A national pilgrimage of the relic of the incorrupt heart of St. John Vianney, the famed Curé of Ars and patron saint of parish priests, will visit St. Patrick’s Cathedral Saturday and Sunday, April 6 and 7, as part of its tour of church venues in the archdiocese.
On that Sunday, Cardinal Dolan will offer the 10:15 a.m. Pontifical Mass at St. Patrick’s. Supreme Knight Carl Anderson and the board of directors of the Knights of Columbus are expected to be in attendance.
The Knights of Columbus is sponsoring the relic pilgrimage. An honor guard of Fourth Degree Knights will be scheduled at all public events.
Other Masses at the cathedral that day will be celebrated at 7 a.m., 8 a.m., 9 a.m., and 4 p.m. (Spanish).
The relic will be present at the cathedral from 6:30 a.m. to 5:15 p.m. Veneration will take place in the cathedral’s Lady Chapel at all times, except for the 10:15 a.m. Sunday Mass, when the relic will be placed in the sanctuary. Ushers will guide people to the Lady Chapel. The relic is clearly visible in the reliquary, and people will be permitted to touch prayer cards and holy items on the reliquary.
On that Saturday, the relic will be present at the cathedral from 6:30 a.m. to 7 p.m. Masses will be offered at 8 a.m., noon and 5:30 p.m. vigil.
On Sunday, April 7, the relic will also travel to Our Lady Star of the Sea Church, 5371 Amboy Road, Staten Island, from 7 to 10 p.m. Mass will be offered at 7 p.m.
The next morning, the relic will remain at Our Lady Star of the Sea from 7 to 8:45 a.m.
St. Joseph’s Seminary, Dunwoodie, will also host the relic on Thursday and Friday, April 4 and 5.
On Thursday evening, the relic will be venerated from 7 to 10 p.m. A special invitation is extended to Catholics in Westchester and the upper counties of the archdiocese to visit.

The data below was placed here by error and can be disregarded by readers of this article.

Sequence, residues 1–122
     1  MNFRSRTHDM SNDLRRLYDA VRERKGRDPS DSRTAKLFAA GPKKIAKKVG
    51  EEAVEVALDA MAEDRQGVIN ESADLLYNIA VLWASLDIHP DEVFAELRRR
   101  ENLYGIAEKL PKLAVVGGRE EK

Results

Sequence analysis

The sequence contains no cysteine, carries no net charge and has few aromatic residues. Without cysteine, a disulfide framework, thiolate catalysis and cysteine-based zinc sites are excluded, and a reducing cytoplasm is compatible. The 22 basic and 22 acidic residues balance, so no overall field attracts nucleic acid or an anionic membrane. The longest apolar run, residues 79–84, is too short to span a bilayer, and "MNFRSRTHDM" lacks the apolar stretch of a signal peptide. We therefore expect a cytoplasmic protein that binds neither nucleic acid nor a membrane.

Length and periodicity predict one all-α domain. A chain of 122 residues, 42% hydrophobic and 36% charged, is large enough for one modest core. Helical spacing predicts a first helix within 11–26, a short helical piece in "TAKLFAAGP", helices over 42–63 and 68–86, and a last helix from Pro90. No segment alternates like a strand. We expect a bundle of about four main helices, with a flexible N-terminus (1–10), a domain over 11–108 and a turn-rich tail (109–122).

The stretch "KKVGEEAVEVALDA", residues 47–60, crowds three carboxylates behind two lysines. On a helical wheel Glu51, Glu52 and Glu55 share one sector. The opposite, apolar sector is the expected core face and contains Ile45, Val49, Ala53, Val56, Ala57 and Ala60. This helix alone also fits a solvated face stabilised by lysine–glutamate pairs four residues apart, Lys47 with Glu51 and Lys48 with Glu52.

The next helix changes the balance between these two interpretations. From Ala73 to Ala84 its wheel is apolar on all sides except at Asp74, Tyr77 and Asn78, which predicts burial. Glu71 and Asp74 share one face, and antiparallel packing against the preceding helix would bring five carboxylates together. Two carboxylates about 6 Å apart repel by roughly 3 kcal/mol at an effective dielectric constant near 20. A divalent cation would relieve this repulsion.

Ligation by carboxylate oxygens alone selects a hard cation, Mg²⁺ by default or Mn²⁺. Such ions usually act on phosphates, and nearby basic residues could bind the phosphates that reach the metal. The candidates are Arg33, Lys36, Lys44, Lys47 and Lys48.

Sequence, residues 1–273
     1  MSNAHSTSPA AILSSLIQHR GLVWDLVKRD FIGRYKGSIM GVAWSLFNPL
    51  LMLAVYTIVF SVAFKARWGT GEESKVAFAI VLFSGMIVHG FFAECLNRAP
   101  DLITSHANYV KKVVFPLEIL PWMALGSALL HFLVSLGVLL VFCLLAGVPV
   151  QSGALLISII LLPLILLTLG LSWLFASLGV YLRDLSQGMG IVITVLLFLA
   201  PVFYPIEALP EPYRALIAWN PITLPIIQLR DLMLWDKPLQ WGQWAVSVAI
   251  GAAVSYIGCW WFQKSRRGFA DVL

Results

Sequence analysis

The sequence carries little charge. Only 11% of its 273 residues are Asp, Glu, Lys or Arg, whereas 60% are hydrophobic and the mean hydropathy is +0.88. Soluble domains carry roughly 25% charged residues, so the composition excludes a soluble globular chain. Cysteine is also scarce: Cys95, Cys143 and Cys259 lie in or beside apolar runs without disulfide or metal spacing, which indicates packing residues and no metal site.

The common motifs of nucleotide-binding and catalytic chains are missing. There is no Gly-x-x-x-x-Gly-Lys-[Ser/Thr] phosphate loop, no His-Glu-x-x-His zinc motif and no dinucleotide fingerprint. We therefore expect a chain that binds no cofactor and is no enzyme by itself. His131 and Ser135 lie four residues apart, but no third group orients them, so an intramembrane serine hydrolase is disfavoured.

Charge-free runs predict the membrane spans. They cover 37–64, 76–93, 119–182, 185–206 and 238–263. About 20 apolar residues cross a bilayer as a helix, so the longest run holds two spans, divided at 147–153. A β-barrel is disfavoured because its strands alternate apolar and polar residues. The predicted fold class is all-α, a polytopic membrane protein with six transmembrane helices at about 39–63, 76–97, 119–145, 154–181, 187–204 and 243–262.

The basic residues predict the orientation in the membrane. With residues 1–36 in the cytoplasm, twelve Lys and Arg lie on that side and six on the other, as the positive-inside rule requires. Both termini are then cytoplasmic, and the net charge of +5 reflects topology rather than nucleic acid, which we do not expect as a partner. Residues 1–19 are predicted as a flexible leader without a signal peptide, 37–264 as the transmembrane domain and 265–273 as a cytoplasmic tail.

On Friday, there will be a special visitation for New York priests for morning prayer at 7:30 a.m. until 2 p.m. This veneration period is not open to the general public.
After his ordination to the priesthood in 1815, Father John Vianney was assigned to the small farming community of Ars, France, where the practice of the faith was poor before he arrived. His life of penance and prayer brought his parishioners closer to God. He would hear confessions up to 18 hours a day, as people came from across Europe to see him. A model of charity, he built an orphanage for homeless children and received beggars with an open heart.
Father Vianney died on Aug. 4, 1859, at age 73. A crowd of 1,000 people, including the bishop and priests of his diocese, attended his Funeral Mass.
Pope Piux XI canonized him in 1925, and four years later St. John Vianney was declared the patron saint of parish priests.
The Shrine of Ars, France, has entrusted the major relic of St. John Vianney’s incorrupt heart to the Knights of Columbus.
The U.S. tour of the relic began in Baltimore in November and will continue until early June. It will visit Catholic cathedrals, churches and seminaries in nearly 20 states.
In New York, the relics are also scheduled to visit the Dioceses of Brooklyn and Rockville Centre after the stops in the archdiocese.